"I think our bullpen has helped. On the road, if you don't have a deep bullpen, you're going to lose some games. I think guys like Alfredo Aceves and Matt Albers have helped us a ton there. And we're more athletic and faster than we used to be."

Outfielder J.D. Drew took 35 swings in the cage and will take batting practice on the field both Friday and Saturday in Seattle.

He'll be re-evalauted when the Sox return for a brief three- game homestand. It's possible that when the Sox leave for Kansas City next week for an eight-game road swing, Drew could go to Pawtucket and begin a rehab assignment.

Sean McAdam can be reached at smcadam@comcastsportsnet.com. Follow Sean on Twitter at http:twitter.comsean_mcadam

Report: Ex-Red Sox reliever Reed gets deal with Twins

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Report: Ex-Red Sox reliever Reed gets deal with Twins

He was dubbed "Closer B" by Red Sox manager John Farrell when acquired at the trade deadline last summer, now Addison Reed is "Closer B Gone"...to the Twins.

The right-handed reliever, 29, has agreed to a two-year, $16.75 million free-agent deal with Minnesota, pending a physical, Ken Rosenthal of FOX Sports and TheAthletic.com reports. 

Reed began last season with the Mets and had 19 saves and a 2.57 ERA before being traded to the Red Sox, where he had a 3.33 ERA in 29 games (27 innings) without a save as a setup man for Craig Kimbrell.  
 

Red Sox, Mookie Betts far apart on salary and heading toward arbitration

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Red Sox, Mookie Betts far apart on salary and heading toward arbitration

The Red Sox and star right fielder Mookie Betts intend to go to an arbitration hearing in February, and there were signs this was coming even a year ago.

Betts was the only arbitration-eligible player on the Red Sox who did not settle on a contract with the team on Friday, when a deadline arrived for all teams and arbitration-eligible players to exchange 2018 salary figures. Jackie Bradley Jr., Xander Bogaerts and Drew Pomeranz were the biggest names to avoid hearings.

Betts filed for a $10.5 million salary and the Red Sox filed at $7.5 million.  Betts and the Red Sox agreed previously that if no figure could be settled on by the Friday deadline, they would proceed to a hearing, assistant general manager Brian O'Halloran said. 

A three-person panel of arbitrators therefore is set to determine what Betts makes in 2018: either the $7.5 million figure the Sox filed or the $10.5 million figure Betts' camp submitted. The arbitrators won't settle on a midpoint for the parties.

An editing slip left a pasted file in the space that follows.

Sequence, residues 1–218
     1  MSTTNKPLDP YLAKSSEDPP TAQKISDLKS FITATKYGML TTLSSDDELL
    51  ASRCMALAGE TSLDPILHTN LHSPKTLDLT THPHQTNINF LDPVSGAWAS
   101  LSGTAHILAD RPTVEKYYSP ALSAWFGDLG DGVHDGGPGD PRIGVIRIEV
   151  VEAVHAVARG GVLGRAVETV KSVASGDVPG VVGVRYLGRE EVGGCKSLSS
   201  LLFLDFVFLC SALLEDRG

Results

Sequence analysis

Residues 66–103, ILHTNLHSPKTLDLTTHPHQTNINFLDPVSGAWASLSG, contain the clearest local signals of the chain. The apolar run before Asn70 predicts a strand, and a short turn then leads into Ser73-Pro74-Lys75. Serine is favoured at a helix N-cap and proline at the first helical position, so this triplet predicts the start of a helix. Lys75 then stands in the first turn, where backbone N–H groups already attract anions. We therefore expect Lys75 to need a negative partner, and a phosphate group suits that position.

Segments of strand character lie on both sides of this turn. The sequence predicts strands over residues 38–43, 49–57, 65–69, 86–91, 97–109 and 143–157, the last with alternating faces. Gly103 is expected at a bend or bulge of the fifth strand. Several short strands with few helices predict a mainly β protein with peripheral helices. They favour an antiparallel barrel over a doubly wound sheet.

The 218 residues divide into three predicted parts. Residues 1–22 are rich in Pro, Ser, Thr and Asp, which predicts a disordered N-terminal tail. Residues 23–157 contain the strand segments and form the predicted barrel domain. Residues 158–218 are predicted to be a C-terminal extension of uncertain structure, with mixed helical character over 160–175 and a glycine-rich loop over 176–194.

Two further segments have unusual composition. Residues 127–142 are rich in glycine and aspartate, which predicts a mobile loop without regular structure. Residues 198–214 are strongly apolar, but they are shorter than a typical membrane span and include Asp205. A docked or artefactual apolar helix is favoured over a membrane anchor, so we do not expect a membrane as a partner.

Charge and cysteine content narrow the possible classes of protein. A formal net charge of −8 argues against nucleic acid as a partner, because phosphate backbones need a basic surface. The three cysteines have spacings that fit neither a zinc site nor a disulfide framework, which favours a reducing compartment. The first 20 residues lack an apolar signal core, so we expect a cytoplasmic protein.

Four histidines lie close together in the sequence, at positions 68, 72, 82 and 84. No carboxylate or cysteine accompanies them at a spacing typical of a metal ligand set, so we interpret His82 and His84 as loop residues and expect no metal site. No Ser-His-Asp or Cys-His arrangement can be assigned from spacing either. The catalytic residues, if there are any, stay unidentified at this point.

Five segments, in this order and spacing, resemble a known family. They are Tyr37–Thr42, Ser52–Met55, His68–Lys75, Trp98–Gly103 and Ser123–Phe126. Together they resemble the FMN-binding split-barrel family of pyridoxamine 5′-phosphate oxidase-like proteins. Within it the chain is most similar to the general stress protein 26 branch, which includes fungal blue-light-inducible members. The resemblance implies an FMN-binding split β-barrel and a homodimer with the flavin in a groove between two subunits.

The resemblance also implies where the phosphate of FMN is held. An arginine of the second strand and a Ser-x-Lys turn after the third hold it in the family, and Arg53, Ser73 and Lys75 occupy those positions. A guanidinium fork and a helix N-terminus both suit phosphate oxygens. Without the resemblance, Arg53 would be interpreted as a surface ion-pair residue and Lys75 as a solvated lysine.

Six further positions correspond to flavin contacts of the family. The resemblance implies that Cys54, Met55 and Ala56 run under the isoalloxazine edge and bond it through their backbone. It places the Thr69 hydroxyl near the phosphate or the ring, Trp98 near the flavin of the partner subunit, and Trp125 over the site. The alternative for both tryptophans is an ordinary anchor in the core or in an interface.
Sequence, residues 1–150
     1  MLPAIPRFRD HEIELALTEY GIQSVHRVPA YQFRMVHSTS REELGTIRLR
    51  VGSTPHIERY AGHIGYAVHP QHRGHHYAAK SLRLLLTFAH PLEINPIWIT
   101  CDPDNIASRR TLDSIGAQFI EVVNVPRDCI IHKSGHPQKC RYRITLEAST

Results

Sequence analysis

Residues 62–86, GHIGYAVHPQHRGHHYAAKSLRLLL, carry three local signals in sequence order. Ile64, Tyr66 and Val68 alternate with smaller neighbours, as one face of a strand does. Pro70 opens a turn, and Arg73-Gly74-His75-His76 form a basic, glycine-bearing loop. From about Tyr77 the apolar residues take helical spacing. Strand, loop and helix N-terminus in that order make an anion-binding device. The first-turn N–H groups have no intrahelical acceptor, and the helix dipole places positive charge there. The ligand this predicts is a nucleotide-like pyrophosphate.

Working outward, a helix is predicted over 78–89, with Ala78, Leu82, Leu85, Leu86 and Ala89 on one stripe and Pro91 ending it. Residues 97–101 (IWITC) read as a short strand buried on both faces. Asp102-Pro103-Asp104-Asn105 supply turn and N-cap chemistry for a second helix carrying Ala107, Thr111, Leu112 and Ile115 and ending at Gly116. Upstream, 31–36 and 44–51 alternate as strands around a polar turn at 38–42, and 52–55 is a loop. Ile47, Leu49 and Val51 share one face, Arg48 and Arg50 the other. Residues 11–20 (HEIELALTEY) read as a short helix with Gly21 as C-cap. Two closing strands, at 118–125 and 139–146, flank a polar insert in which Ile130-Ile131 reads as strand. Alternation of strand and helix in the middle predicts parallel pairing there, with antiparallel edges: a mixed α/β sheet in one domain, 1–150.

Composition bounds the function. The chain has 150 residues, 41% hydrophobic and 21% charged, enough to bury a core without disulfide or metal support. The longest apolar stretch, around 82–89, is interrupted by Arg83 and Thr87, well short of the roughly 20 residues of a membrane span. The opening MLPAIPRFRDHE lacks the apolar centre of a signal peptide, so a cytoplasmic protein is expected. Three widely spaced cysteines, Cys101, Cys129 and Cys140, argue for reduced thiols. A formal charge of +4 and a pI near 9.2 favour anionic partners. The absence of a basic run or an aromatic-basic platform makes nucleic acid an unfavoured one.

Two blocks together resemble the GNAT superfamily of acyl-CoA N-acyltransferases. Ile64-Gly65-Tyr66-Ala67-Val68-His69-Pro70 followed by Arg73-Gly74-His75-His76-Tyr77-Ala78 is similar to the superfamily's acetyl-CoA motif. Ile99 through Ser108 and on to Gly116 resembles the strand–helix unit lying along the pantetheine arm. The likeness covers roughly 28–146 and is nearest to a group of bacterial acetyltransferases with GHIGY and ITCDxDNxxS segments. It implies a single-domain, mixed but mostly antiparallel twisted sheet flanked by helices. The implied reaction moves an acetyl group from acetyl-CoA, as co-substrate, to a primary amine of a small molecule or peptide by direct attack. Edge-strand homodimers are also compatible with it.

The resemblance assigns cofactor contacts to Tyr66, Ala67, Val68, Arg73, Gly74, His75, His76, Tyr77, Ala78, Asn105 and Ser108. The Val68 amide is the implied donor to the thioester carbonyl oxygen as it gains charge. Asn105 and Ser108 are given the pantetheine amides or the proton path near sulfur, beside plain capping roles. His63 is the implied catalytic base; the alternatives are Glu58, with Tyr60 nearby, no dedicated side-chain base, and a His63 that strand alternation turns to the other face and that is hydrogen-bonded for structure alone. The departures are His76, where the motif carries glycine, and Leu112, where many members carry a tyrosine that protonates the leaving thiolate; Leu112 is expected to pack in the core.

O'Halloran noted to the Globe there are no hard feelings involved.

Nonetheless, such a large gap would seem to provide incentive to settle. The parties technically could still decide to do so, but that would take a change of course from the present plan. The idea was to settle any time before Friday, and they did not. 

Betts is asking for near-record money for a first-year arbitration eligible player. Kris Bryant set the record Friday with a $10.85 million settlement.

The hearings can be difficult for player-team relations because teams have to make the case in front of the player that he is worth less money than he wants.

Betts, 25, hit .264, with 24 homers, 102 RBI, 25 stolen bases and a .803 OPS in 2017, numbers that fell from his American League MVP runner-up performance in 2016, but were nonetheless very strong and coupled with first-rate defense.

This offseason is Betts' first of arbitration eligibility. In the first three years of service time in a players' career, there's no recourse if you don't like the salary a team is offering. Teams can pay players anything at league minimum or above. 

The only option a player has in those first three years is to make a stand on principle: you can force the team to technically "renew" your salary, which notes to everyone that you did not agree to the salary. Betts and his agents did that in 2017 when the Sox paid him $950,000, a very high amount relative to most contract renewals.

Some of the standard thinking behind forcing a team to renew a contract is that if an arbitration case comes up down the road — and one now looms for Betts — it's supposed to show the arbitrators that the player felt even in seasons past, he was underpaid.

Still, the Sox may have effectively combatted that perception by paying Betts almost $1 million on a renewal. Per USA Today, that $950,000 agreement in 2017 was "the second-highest one-year deal ever for a non-arbitration-eligible player with two-plus years of big league service." Mike Trout got $1 million in 2014.